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CAs unveil major pilots to break down barriers to work

A number of schemes aiming to supply disadvantaged people and long-term jobseekers with specialist support to get back into work have today been launched by the six Combined Authorities.

The programmes are expected to help over 18,000 people, including disabled and older people, tackle long-term barriers to work and progression.

Up to £28m is to be pledged by the Department for Work and Pensions (DWP) to support the schemes, which include a Health and Care Sector Progression Academy to train care workers in Peterborough, an early intervention scheme to prevent long-term unemployment in Sheffield and a business-led training hub in the Tees Valley.

The pilots have been agreed as part of the devolution deals to the Combined Authority regions, which are hoping to boost growth and jobs in their areas.

“We have record numbers of people in work which is great news, but there are still people missing out on the available opportunities because of barriers to employment,” secretary of state for work and pensions David Gauke said.

“These pilots are yet another step forward in our efforts to help people of all backgrounds enjoy the benefits of work, and will boost the wide-ranging support we currently offer through local experts like Jobcentre Plus.”

Communities secretary Sajid Javid added that as part of the devolution revolution we’ve handed swathes of power and significant investment to help boost jobs and growth across the country.

“Now we’re going even further to support six areas with devolution deals by working with the new combined authority mayors to pilot innovative employment schemes.”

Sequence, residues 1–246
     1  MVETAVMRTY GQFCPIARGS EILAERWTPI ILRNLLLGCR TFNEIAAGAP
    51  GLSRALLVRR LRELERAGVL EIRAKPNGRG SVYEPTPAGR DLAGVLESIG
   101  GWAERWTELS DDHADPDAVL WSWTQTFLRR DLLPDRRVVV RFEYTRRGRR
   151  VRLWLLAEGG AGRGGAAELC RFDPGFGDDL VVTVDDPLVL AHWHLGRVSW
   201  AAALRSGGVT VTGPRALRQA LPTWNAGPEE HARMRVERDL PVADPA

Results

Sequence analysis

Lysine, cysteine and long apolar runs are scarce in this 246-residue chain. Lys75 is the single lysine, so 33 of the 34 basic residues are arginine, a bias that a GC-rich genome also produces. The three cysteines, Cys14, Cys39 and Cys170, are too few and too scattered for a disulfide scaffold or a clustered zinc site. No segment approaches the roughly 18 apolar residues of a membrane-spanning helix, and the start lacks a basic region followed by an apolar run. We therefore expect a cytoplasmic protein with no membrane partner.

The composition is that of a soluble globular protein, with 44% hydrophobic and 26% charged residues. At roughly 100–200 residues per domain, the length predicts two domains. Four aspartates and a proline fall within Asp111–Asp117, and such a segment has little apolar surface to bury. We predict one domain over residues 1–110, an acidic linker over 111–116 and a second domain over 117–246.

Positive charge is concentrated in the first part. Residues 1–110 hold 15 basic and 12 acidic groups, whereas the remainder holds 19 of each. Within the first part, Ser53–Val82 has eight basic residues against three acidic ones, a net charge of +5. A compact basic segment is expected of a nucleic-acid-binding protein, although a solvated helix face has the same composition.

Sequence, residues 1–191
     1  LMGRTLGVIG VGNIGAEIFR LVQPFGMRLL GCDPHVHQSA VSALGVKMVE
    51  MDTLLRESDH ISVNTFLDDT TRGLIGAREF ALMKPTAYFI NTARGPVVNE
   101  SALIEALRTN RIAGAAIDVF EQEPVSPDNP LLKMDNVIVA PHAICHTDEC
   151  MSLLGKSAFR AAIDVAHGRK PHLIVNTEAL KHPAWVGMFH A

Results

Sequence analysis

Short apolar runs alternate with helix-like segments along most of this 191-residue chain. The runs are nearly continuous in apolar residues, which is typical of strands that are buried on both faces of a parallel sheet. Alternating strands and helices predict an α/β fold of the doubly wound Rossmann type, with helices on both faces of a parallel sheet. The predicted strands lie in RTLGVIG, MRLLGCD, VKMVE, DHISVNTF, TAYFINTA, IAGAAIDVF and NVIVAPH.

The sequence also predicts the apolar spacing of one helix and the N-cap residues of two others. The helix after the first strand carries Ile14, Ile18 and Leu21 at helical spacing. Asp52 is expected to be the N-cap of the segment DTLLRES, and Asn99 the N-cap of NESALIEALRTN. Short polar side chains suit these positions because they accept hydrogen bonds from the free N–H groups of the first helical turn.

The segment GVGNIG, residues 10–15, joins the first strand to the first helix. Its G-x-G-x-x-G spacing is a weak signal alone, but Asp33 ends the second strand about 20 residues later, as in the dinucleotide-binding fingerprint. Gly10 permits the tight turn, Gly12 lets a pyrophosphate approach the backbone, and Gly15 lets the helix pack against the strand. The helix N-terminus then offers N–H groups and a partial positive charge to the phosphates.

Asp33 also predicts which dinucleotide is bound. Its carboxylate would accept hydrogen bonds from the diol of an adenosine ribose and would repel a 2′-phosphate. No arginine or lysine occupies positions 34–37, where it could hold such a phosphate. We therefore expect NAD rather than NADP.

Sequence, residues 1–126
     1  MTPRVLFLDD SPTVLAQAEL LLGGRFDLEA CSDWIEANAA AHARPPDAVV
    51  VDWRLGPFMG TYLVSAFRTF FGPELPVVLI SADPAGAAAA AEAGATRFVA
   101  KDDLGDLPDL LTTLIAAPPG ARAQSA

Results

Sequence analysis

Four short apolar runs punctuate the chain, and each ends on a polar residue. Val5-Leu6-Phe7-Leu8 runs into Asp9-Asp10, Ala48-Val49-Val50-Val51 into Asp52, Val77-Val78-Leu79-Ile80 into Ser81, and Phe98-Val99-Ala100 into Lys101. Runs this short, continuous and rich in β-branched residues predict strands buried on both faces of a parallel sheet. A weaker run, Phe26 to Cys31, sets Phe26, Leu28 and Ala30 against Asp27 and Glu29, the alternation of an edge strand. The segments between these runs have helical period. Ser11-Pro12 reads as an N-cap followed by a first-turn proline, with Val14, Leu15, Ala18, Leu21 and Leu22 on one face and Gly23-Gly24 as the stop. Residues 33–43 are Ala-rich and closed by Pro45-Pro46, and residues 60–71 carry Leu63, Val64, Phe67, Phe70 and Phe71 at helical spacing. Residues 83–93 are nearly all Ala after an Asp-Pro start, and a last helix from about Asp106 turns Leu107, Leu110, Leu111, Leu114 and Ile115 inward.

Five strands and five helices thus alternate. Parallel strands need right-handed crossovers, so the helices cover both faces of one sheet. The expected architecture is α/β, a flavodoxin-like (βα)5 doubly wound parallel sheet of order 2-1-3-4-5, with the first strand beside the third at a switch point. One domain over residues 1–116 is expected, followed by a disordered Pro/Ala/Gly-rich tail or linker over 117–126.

He also commented that the pilots would trial new approaches to help the most disadvantaged people in society get the security of a good job and a regular pay packet which will help to build a country that works for everyone.

Responding to the news of the Health and Care Sector Progression Academy in his city region, mayor of Cambridgeshire and Peterborough James Palmer stated: “This is a prime example of the benefits Cambridgeshire and Peterborough will receive because of our devolution deal with central government.

“The additional £5.2m is set to create 600 new apprenticeships, providing us with an opportunity to upskill local people whilst supporting the health and care industry. I am excited to see this pilot develop and help us make a difference in the county.”

Ben Houchen, Tees Valley mayor, added that the business-led training hub in his area would support work that has seen unemployment halved in the area over four years.

“Things are getting better, but there remain stubborn barriers to work,” he explained. “This new investment from the government, secured because we have a mayor, gives us a unique opportunity to address long-term unemployment.

“Today I’m calling on local support services, voluntary organisations and local councils to work together to provide the best possible support to help people back to work.”

Top Image: Rui Vieira and PA Wire

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